Is it still worth it to invest in StashAway and Autowealth when they contain mainly US ETFs and equities which are subjected to 30% withholding tax? - Seedly
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Lai Chong Chao

Asked on 15 Jan 2019

Is it still worth it to invest in StashAway and Autowealth when they contain mainly US ETFs and equities which are subjected to 30% withholding tax?

An investment in StashAway or Autowealth will probably contain a high proportion of US ETFs and equities. I’m pretty new to investment, but I caught this part mentioning that there is this 30% withholding tax for all US investments. How does it work? Does this mean when I sell them off eventually, all my earnings will need to slash off a big chunk of 30% of it? Doesn’t this sound not worth it and invest in something else instead? For instance, Asian equities that doesn’t have this kind of tax.


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Tai Zhi
Tai Zhi, Chief Investment Officer at Autowealth
Level 6. Master
Updated on 09 May 2019

Yes, dividends and bond coupons will be subject to a 30% U.S. federal withholding tax in line with tax regulations of the U.S. Internal Revenue Service. Nevertheless, ETFs listed in the U.S. are still preferred over ETFs listed in other countries like the U.K. after taking into consideration factors including liquidity, bid-ask spread, expense ratio, ETF fund size amongst other factors.

AutoWealth works with our partnering custodian to seek partial reimbursement of the withholding taxes from the U.S. Internal Revenue Service, where applicable. The last reimbursement was done in Sep 2018 for 2017 withholding taxes.

You may wish to check out our other FAQs at this url:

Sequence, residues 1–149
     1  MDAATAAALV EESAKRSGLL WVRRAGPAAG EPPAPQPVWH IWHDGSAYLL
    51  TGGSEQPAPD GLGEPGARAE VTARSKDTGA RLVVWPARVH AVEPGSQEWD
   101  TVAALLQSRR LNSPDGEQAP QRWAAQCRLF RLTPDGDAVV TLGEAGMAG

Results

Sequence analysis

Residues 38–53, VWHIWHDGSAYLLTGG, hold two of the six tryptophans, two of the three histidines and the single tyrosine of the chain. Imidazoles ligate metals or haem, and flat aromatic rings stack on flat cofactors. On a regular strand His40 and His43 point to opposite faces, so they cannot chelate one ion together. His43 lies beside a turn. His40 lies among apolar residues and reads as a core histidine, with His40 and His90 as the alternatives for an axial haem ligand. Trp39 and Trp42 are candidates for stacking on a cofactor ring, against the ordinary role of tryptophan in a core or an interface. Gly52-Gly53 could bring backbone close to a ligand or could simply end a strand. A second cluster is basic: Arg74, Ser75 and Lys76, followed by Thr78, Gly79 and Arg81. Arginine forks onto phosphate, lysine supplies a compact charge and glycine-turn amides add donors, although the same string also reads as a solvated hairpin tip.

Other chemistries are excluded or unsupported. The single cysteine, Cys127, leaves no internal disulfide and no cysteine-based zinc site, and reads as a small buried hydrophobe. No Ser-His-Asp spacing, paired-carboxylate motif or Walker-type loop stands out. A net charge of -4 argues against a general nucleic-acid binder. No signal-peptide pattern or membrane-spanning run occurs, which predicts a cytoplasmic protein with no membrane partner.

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Amanda Ong
Amanda Ong, Head Of Client Experience & PR at Stashaway
Level 5. Genius
Updated on 07 Jun 2019

Hi Lai Chong,

Just jumping in to help you with your question :)

To clarify, all dividends of US-listed securities are subject to 30% dividend withholding tax (WHT). These taxes are applicable as long as you own US listed assets, regardless whether the assets were bought through StashAway, or via your own broker. The WHT is held at source and the rest of the dividends are redistributed back to your StashAway portfolio(s) and reinvested automatically.

Under the QII (Qualified Interest Income) rule, some of the dividend WHT from US domiciled funds (e.g. US government bonds) can be claimed back. Our broker will do this on your behalf and there is no involvement on the customer's part. We will do this once a year, and will notify you via email if you have any claimable WHT, which would be redistributed to your portfolio and automatically reinvested. We reimbursed clients their WHT refund for the year 2017 in October 2018 and will do the same every year.

For further illustration, you may like to view the Dec 2017 iShares report on QII ETFs (link: Some examples of QII ETFs that StashAway invests in are 20+ Year Treasury Bond (TLT) and 10-20 Year Treasury Bond (TLH).

Our investment team has given serious consideration to the 30% WHT and have considered other exchanges that have lower or no withholding tax. However, at the end of the day, we have decided to stay with US-listed securities despite the tax implications due to the its deep liquidity, reputable fund management and most importantly, the lower tracking error. If you'd interested to see a comparison between US-listed securities and foreign securities, here(link: is an article that presents its case.

I hope this does clarify some of your concerns. If you have any further questions, please feel free to reach out to us at [email protected]


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Randall Tan
Randall Tan

09 May 2019

Above mentioned is for the bond income right? What about the dividends from the stocks?
Amanda Ong
Amanda Ong

14 May 2019

Hi Randall, for bonds you can look to reclaim almost all the payout withheld. For income, you will be able to reclaim a portion of it.

The tax is on dividend. So example you get 1% dividend for a particular us stock. You will have to pay 0.3% to US government and you keep 0.7%. If you were to buy ireland domiciled ETFs from london stock exchange, the withholding tax will be reduced to 15% as they have tax treaty with the US. If you dont want to buy etf yourself, robo advisors are alright.


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